I watched Avengers: Endgame recently, so I’ve got alternate reality theories on the brain this weekend. And that’s kind of fitting, because you need to think about alternate realities to analyze the Pirates this offseason.

I’ve made a few comments during the playoffs about a team that the Pirates could have had right now. They could have had Gerrit Cole, Austin Meadows, Tyler Glasnow, and maybe even someone like Charlie Morton. Of course, as has been pointed out to me, that wouldn’t have happened in this reality.

Let’s start with Charlie Morton. When I’ve brought him up, two things have been pointed out. First is that he wasn’t this type of pitcher while in Pittsburgh, and didn’t really break out until the Astros helped him. Second is that the Pirates weren’t signing him as a free agent this year.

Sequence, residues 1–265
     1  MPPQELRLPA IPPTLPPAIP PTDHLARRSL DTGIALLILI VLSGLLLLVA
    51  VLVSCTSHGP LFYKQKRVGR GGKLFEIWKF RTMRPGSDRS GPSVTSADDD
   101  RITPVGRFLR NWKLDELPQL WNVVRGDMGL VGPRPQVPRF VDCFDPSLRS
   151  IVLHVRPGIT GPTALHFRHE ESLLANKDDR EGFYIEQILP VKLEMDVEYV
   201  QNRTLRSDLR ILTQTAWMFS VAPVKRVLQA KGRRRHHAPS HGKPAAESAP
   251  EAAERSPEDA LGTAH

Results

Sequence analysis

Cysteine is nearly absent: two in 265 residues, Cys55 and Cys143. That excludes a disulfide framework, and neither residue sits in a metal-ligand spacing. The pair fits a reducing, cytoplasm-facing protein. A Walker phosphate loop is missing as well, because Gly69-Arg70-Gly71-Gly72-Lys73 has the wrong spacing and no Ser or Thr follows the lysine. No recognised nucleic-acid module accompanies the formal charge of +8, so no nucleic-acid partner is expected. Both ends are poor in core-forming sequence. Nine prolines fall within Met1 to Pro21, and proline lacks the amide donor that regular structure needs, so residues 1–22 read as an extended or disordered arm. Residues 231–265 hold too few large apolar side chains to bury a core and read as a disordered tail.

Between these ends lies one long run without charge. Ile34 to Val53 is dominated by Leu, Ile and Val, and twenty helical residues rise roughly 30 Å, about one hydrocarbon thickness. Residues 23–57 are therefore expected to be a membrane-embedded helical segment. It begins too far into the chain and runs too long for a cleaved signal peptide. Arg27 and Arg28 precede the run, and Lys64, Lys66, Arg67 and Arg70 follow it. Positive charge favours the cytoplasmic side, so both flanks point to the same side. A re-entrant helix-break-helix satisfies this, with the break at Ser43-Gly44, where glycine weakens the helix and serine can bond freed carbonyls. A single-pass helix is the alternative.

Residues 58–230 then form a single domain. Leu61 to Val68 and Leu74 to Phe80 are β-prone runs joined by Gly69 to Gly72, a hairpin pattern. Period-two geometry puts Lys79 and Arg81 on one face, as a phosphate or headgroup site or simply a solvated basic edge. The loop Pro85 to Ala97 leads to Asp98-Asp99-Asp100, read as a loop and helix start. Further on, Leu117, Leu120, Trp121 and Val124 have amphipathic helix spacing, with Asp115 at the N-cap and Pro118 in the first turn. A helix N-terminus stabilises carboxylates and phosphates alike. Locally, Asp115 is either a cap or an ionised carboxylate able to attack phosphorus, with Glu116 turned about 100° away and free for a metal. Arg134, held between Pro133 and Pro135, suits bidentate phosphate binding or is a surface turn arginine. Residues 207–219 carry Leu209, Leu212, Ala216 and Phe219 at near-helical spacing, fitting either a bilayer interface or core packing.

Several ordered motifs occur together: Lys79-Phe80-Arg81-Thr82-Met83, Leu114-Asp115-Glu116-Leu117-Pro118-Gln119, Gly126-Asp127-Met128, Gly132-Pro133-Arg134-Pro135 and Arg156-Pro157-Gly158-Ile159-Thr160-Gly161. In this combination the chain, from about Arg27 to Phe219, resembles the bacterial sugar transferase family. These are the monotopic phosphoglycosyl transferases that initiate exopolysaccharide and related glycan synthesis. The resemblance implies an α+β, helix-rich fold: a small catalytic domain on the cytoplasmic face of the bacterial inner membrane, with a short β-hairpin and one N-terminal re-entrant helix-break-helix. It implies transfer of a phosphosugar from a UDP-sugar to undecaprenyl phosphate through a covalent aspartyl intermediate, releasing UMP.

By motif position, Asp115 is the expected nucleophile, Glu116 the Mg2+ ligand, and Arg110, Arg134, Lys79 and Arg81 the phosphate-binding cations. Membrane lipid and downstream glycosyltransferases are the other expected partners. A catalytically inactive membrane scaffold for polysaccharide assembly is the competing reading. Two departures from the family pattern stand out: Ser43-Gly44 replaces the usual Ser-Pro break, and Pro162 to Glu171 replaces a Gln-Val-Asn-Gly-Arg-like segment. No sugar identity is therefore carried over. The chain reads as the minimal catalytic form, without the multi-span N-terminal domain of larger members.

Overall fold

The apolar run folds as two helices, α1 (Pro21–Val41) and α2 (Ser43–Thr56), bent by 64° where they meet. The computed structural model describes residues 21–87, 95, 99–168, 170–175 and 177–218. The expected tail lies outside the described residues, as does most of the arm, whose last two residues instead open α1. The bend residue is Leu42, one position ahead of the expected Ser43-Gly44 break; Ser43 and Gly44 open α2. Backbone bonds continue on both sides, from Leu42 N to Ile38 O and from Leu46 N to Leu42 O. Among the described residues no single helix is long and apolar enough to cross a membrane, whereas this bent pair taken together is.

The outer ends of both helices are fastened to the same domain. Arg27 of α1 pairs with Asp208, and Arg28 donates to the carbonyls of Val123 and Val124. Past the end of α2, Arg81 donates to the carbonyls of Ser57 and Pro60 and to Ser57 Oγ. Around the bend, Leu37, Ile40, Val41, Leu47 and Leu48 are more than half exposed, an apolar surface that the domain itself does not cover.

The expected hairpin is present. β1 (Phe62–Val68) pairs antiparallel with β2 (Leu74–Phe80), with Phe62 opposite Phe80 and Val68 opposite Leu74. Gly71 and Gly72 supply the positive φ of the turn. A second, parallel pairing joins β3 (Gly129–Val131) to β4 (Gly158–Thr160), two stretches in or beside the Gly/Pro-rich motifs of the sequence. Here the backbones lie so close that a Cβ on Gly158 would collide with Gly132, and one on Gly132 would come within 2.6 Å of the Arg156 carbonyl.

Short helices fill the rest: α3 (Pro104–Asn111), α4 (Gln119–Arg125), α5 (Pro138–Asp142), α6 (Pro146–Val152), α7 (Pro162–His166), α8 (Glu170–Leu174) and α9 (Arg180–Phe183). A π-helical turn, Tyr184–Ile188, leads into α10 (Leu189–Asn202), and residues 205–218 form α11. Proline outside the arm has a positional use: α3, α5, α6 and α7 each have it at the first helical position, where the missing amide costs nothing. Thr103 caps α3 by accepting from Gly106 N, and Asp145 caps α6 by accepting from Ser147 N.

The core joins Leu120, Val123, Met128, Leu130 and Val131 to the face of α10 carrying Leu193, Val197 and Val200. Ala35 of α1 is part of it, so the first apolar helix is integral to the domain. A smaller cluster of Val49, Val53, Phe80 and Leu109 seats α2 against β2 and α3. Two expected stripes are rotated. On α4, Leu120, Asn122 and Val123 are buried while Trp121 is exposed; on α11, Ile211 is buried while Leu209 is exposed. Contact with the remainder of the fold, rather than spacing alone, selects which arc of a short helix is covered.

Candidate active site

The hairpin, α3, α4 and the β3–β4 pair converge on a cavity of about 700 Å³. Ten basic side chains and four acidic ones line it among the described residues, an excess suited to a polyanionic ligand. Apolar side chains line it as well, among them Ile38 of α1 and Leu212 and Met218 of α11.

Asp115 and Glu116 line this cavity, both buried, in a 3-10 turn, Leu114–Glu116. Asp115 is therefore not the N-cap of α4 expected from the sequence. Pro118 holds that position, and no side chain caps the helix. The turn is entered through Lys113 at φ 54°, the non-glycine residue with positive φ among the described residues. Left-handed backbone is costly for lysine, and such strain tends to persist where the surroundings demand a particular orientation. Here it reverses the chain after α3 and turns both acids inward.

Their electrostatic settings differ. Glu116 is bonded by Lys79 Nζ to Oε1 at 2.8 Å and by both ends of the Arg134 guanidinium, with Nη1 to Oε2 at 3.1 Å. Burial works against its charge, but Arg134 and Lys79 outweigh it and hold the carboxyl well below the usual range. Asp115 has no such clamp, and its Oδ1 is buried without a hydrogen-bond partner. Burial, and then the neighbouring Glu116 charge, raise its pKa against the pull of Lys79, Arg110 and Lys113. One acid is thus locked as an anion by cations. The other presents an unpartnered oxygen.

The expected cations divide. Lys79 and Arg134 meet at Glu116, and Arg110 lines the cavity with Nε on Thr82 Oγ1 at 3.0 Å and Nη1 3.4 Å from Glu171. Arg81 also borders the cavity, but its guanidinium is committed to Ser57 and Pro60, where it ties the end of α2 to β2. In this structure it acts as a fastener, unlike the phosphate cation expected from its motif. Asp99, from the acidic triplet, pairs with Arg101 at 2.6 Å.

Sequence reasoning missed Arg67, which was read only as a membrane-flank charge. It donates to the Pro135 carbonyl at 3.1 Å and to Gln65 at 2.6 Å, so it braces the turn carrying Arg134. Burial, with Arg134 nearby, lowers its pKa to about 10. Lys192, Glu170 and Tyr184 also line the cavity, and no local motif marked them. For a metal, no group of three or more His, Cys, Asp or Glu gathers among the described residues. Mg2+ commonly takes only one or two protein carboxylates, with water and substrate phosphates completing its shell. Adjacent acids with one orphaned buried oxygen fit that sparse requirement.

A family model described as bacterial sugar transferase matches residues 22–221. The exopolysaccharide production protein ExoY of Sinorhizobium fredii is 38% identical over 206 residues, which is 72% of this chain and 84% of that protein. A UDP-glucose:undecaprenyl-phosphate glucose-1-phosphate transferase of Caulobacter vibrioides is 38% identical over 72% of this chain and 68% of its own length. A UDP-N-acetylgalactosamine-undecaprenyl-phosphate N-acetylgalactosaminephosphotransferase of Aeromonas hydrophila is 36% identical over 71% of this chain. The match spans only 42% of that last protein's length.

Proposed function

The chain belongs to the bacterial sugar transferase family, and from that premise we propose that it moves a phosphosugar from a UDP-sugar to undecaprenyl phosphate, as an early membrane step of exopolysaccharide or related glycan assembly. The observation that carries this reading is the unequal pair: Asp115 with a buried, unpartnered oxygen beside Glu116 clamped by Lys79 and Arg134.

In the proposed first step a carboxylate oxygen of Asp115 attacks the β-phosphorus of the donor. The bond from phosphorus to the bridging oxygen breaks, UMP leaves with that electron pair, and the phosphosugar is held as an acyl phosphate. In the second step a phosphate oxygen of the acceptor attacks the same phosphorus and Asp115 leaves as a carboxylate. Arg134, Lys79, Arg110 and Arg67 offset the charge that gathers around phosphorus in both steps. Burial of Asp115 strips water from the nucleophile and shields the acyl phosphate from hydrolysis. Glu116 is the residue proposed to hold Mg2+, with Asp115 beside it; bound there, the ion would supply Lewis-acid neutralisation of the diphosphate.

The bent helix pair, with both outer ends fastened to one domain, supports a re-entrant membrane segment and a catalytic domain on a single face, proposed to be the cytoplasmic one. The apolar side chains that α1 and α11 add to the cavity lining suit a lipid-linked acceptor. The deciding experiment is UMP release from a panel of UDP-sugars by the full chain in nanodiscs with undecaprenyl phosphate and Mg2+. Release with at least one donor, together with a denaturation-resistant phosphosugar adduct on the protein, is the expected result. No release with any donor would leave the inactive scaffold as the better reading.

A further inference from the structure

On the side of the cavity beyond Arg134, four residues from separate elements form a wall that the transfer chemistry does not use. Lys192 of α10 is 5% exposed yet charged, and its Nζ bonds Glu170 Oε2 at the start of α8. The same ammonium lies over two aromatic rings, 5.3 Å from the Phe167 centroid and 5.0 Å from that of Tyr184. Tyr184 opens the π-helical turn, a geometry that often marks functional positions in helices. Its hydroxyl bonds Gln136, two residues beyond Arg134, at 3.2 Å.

Those are both true. That’s what happened. But that’s not what I’m focusing on.

My focus is on the fact that the Astros fixed Morton, and not the Pirates. The Astros figured out the next big trend in pitching, and used that to make Gerrit Cole an ace, and Charlie Morton a mid-to-top of the rotation guy. The Pirates were behind on that one, and are still behind that trend.

My focus is on the fact that the Rays identified Morton as having more value than his free agent deal. The Pirates were once in that situation, “overpaying” for Russell Martin, only to find out that he’s exceeded his total contract value just one year later. Now they’re adding guys like Lonnie Chisenhall and Erik Gonzalez in an attempt to find value, while missing on the players who are actually providing value.

When I bring up Gerrit Cole, the argument is that he wasn’t doing well while he was here, or that he’d be gone by now because he’s a pending free agent. The first argument ties in with Morton’s argument. If the Pirates were ahead on the pitching trends, Cole would have been better with them. Ignore what actually happened and think about it in terms of “What would have happened with Cole if the Pirates were as forward thinking as the Astros?”